Council’s giant Sea Odyssey claim

Liverpool City Council says 800,000 people spent an average of £40 each during the three-day street theatre event featuring giant puppets in April.

The £32m take would be nearly three times the original estimate. Birmingham-based Vector Research produced the figures for the council following the event, which was part of the city's Titanic centenary festivities.

The average spend, Vector says, was £40.74 per person, with those staying overnight spending £34.55 each on accommodation. Nearly £10.5m was spent on accommodation and £20m was on restaurants, bars, shops and other attractions.

Half of the visitors interviewed were from the UK outside Liverpool, with 43% from Liverpool and the remainder from overseas.

Mayor of Liverpool, Cllr Joe Anderson, said: "This was the biggest event in Liverpool's history.

"Liverpool is the only city in the country that can deliver such a giant cultural event, which has also resulted in giant economic benefits for the city. Sea Odyssey demonstrates how ambitious I want this city to be. We need to think in giant terms – in this case, literally. And thanks to the creative brilliance of Royal de Luxe, the hard work of the city council's culture team and the amazing support of members of the public we have put on a spectacular show which captured people's hearts and imagination.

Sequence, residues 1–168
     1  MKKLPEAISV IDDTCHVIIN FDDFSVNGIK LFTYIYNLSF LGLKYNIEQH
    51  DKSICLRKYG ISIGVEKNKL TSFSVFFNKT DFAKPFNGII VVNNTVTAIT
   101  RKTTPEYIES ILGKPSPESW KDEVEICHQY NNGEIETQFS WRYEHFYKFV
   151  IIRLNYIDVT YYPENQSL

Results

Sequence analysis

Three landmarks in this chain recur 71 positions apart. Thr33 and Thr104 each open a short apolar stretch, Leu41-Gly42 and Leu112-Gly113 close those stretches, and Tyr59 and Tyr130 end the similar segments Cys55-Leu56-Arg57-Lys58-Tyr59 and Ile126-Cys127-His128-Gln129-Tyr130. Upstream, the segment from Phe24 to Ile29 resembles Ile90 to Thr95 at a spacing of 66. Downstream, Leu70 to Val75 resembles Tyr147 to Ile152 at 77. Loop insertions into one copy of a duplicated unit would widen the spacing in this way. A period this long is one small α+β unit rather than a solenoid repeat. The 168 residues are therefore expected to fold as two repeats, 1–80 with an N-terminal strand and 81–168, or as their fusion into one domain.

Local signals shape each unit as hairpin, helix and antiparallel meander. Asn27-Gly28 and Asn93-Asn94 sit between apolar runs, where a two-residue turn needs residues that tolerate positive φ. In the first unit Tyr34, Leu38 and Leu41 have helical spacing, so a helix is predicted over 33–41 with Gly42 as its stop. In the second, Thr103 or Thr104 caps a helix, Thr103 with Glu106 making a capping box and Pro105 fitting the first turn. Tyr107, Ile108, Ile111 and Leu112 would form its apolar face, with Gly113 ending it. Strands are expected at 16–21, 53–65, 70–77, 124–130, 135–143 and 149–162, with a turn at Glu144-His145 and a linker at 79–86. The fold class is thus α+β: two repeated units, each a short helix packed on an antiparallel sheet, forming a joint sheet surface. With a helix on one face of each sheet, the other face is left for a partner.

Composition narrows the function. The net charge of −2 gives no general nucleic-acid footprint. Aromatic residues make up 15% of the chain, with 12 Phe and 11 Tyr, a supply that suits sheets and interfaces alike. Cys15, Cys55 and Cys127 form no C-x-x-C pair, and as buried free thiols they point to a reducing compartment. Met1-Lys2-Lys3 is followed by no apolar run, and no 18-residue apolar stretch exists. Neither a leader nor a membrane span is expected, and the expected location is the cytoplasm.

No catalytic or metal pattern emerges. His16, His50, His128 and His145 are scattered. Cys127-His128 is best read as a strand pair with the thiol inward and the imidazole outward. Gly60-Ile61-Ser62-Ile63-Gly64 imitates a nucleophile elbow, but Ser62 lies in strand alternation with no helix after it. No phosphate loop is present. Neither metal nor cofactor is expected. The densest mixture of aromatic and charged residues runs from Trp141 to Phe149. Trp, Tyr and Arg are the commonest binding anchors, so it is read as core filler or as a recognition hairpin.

"I am determined that we will put on more of these types of events in the future to further enhance our reputation as a capital of culture."

Separate figures published by Liverpool City Council show Saturday 21 April, during the Sea Odyssey weekend, was the busiest retail day of the year. Also on the Saturday there was 99% hotel occupancy in the city and Liverpool One sales were up 25% on the equivalent day last year. Footfall recorded by National Museums Liverpool showed 100% increase.

During the three days in April the city came to a standstill as crowds joined together to witness the journey of three giants as they travelled across the city. The event delivered international media coverage in the LA Times, Le Monde, India Times, Vancouver Sun and the San Francisco Chronicle. More than 200 items appeared in the media, giving an equivalent advertising value of around £11m.

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